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  Impure thoughts...

TorrentFreak explains that VPN providers who log the IP addresses used by their customers leave their customers unprotected from the authorities


Link Here 17th October 2017
purevpn logoAfter several days of radio silence, VPN provider PureVPN has responded to criticism that it provided information which helped the FBI catch a cyberstalker. In a fairly lengthy post, the company reiterates that it never logs user activity. What it does do, however, is log both the real and assigned 'anonymous' IP addresses of users accessing its service.

In a fairly lengthy statement, PureVPN begins by confirming that it definitely doesn't log what websites a user views or what content he or she downloads. However, that's only half the problem. While it doesn't log user activity (what sites people visit or content they download), it does log the IP addresses that customers use to access the PureVPN service. These, given the right circumstances, can be matched to external activities thanks to logs carried by other web companies.

If for instance a user accesses a website of interest to the authorities, then that website, or various ISPs involved in the route can see the IP address doing the accessing. And if they look it up, they will find that it belongs to PureVPN. They would then ask PureVPN to identify the real IP address of the user who was assigned the observed PureVPN IP address at the time it was observed.

Now, if PureVPN carried no logs -- literally no logs -- it would not be able to help with this kind of inquiry. That was the case last year when the FBI approached Private Internet Access for information and the company was unable to assist .

But in this case, PureVPN does keep the records of who was assigned each IP address and when, and so the user can be readily identified (albeit with the help of the user's ISP too).

See the full explanation in the article from torrentfreak.com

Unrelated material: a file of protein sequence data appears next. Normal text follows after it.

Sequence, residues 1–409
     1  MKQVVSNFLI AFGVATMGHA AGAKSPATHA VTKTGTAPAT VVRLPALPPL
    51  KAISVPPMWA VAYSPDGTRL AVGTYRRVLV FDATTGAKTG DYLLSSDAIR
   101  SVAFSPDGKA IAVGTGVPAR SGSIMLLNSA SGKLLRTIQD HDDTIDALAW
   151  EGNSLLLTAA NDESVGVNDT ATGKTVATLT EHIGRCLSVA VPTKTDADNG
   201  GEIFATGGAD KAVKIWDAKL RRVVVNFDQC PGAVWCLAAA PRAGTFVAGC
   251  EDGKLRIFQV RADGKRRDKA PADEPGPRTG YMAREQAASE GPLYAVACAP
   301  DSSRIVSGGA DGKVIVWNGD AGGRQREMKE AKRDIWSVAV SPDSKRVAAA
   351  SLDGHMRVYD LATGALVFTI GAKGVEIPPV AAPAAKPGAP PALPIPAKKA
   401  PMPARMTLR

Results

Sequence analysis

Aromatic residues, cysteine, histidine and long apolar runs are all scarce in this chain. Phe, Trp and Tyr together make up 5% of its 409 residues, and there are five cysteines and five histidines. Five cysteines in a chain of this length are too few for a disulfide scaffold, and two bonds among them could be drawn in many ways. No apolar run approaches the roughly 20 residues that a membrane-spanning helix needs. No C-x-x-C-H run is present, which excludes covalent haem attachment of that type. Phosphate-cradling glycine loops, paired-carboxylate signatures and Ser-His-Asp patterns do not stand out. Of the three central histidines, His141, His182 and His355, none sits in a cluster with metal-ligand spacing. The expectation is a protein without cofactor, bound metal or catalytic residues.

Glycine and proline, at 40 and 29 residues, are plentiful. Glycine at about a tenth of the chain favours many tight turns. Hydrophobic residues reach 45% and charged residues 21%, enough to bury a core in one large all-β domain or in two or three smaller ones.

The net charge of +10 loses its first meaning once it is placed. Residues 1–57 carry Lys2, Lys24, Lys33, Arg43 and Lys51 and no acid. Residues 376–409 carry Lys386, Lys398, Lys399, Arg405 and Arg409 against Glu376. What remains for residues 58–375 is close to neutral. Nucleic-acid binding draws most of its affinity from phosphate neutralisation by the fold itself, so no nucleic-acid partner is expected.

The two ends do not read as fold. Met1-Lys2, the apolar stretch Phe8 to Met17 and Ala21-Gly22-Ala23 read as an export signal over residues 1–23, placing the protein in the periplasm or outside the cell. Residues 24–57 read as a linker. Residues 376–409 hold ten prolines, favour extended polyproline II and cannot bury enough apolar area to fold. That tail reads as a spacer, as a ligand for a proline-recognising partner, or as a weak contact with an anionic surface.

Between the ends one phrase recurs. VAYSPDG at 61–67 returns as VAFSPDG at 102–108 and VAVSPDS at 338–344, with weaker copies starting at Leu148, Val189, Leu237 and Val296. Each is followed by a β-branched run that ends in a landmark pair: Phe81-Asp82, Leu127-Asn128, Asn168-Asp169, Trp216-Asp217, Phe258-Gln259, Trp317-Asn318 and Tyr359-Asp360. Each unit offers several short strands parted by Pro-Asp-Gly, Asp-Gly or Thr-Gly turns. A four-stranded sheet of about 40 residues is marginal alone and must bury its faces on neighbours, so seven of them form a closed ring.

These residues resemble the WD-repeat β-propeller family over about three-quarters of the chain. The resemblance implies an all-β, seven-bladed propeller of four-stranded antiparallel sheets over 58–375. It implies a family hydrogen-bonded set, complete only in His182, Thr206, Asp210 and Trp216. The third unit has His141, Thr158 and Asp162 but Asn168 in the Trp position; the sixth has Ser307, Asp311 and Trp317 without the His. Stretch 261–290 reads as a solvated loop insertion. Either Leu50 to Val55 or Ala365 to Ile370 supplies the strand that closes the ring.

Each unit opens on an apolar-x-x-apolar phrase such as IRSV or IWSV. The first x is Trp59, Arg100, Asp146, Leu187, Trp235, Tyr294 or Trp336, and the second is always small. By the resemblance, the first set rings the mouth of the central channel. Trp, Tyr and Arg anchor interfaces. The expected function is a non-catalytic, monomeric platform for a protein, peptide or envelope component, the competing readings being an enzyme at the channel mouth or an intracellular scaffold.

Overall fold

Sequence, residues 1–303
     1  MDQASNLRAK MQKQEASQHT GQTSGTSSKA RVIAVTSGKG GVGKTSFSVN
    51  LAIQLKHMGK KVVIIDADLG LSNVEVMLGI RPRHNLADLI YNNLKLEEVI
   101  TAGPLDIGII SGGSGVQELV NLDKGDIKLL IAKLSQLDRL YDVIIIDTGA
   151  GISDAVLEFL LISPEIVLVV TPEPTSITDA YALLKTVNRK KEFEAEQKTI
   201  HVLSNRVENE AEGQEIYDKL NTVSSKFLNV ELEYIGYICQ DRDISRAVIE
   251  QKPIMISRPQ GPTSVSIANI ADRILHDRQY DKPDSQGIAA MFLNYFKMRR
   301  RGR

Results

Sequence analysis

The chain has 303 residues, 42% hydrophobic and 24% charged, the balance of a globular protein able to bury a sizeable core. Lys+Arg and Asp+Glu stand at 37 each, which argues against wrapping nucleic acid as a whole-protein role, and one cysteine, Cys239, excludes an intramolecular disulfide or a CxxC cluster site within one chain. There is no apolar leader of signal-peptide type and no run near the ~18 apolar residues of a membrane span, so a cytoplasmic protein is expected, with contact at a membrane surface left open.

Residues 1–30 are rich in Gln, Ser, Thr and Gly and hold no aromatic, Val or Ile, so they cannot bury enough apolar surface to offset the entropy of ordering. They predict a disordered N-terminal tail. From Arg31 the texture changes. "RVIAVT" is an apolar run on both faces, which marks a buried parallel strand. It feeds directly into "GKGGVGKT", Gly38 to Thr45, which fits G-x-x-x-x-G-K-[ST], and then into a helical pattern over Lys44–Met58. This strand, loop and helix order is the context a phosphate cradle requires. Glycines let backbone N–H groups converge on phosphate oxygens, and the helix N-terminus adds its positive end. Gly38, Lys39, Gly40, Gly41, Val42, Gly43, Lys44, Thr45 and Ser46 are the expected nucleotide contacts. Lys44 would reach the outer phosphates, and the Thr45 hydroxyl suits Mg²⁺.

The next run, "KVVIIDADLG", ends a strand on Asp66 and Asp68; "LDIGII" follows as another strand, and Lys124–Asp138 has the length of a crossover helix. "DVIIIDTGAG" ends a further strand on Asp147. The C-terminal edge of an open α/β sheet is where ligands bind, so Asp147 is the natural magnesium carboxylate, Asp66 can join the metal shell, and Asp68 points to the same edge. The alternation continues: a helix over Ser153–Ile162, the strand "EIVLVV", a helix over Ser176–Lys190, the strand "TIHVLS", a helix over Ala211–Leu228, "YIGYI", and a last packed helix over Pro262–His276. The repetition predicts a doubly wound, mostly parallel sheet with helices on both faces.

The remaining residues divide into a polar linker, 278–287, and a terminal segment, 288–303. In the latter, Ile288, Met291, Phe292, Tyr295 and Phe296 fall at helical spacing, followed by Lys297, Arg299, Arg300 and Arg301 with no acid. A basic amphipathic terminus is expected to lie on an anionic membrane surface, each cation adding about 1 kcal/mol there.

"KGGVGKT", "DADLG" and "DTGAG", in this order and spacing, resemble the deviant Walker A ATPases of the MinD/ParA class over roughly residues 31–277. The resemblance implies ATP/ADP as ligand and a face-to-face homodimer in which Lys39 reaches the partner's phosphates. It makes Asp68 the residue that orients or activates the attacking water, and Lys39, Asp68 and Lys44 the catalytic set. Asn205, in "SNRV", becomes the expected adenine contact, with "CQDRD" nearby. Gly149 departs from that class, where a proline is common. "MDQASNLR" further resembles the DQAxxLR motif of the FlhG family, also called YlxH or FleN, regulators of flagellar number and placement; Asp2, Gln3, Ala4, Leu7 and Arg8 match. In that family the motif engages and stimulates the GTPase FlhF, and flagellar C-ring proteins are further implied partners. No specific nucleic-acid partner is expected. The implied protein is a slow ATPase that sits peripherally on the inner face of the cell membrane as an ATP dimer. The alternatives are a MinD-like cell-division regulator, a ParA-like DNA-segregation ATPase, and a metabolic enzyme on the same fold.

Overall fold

TorrentFreak sums up:

It is for this reason that in TorrentFreak's annual summary of no-logging VPN providers , the very first question we ask every single company reads as follows:

Do you keep ANY logs which would allow you to match an IP-address and a time stamp to a user/users of your service? If so, what information do you hold and for how long?

Clearly, if a company says yes we log incoming IP addresses and associated timestamps, any claim to total user anonymity is ended right there and then.

While not completely useless (a logging service will still stop the prying eyes of ISPs and similar surveillance, while also defeating throttling and site-blocking), if you're a whistle-blower with a job or even your life to protect, this level of protection is entirely inadequate.

 

 Extract: To those who lead a double life on social media, eg to keep a bar life separate to a family life...

Facebook seems to have developed a nasty capability to connect across their two lives, no matter how careful they are


Link Here 13th October 2017

Facebook logoLeila has two identities, but Facebook is only supposed to know about one of them.

Leila is a sex worker. She goes to great lengths to keep separate identities for ordinary life and for sex work, to avoid stigma, arrest, professional blowback, or clients who might be stalkers (or worse).

Her "real identity"--the public one, who lives in California, uses an academic email address, and posts about politics--joined Facebook in 2011. Her sex-work identity is not on the social network at all; for it, she uses a different email address, a different phone number, and a different name. Yet earlier this year, looking at Facebook's "People You May Know" recommendations, Leila (a name I'm using using in place of either of the names she uses) was shocked to see some of her regular sex-work clients.

Despite the fact that she'd only given Facebook information from her vanilla identity, the company had somehow discerned her real-world connection to these people--and, even more horrifyingly, her account was potentially being presented to them as a friend suggestion too, outing her regular identity to them.

Because Facebook insists on concealing the methods and data it uses to link one user to another, Leila is not able to find out how the network exposed her or take steps to prevent it from happening again.

See the full article from gizmodo.com

Facebook denies it, but maybe the most obvious explanation is that Facebook is somehow inferring connections from the proximity of people's phones.

 

  Nowhere to hide...

Facebook to snoop on users' location whilst out shopping


Link Here 24th September 2017
Facebook logoFacebook is tracking what shops you visit offline to target you with ads online. Facebook has brought in new tools for advertisers that will tell businesses whether you've been to one of their real-life shops or at least for those stupidly sharing their location with the Facebook app.

Select businesses that are eligible for store visits reporting can now also create custom audiences made up of people who have recently visited their store, Facebook said in a blog post. Some of the companies already involved in this are US department store, Macy's and fast food shop KFC.

Facebook is not the first tech company to track the whereabouts of its customers offline in this way. Google's Store Sales Measurement scheme allows the tech giant to track customer credit-card transactions -- both online and within brick-and-mortar shops.

 

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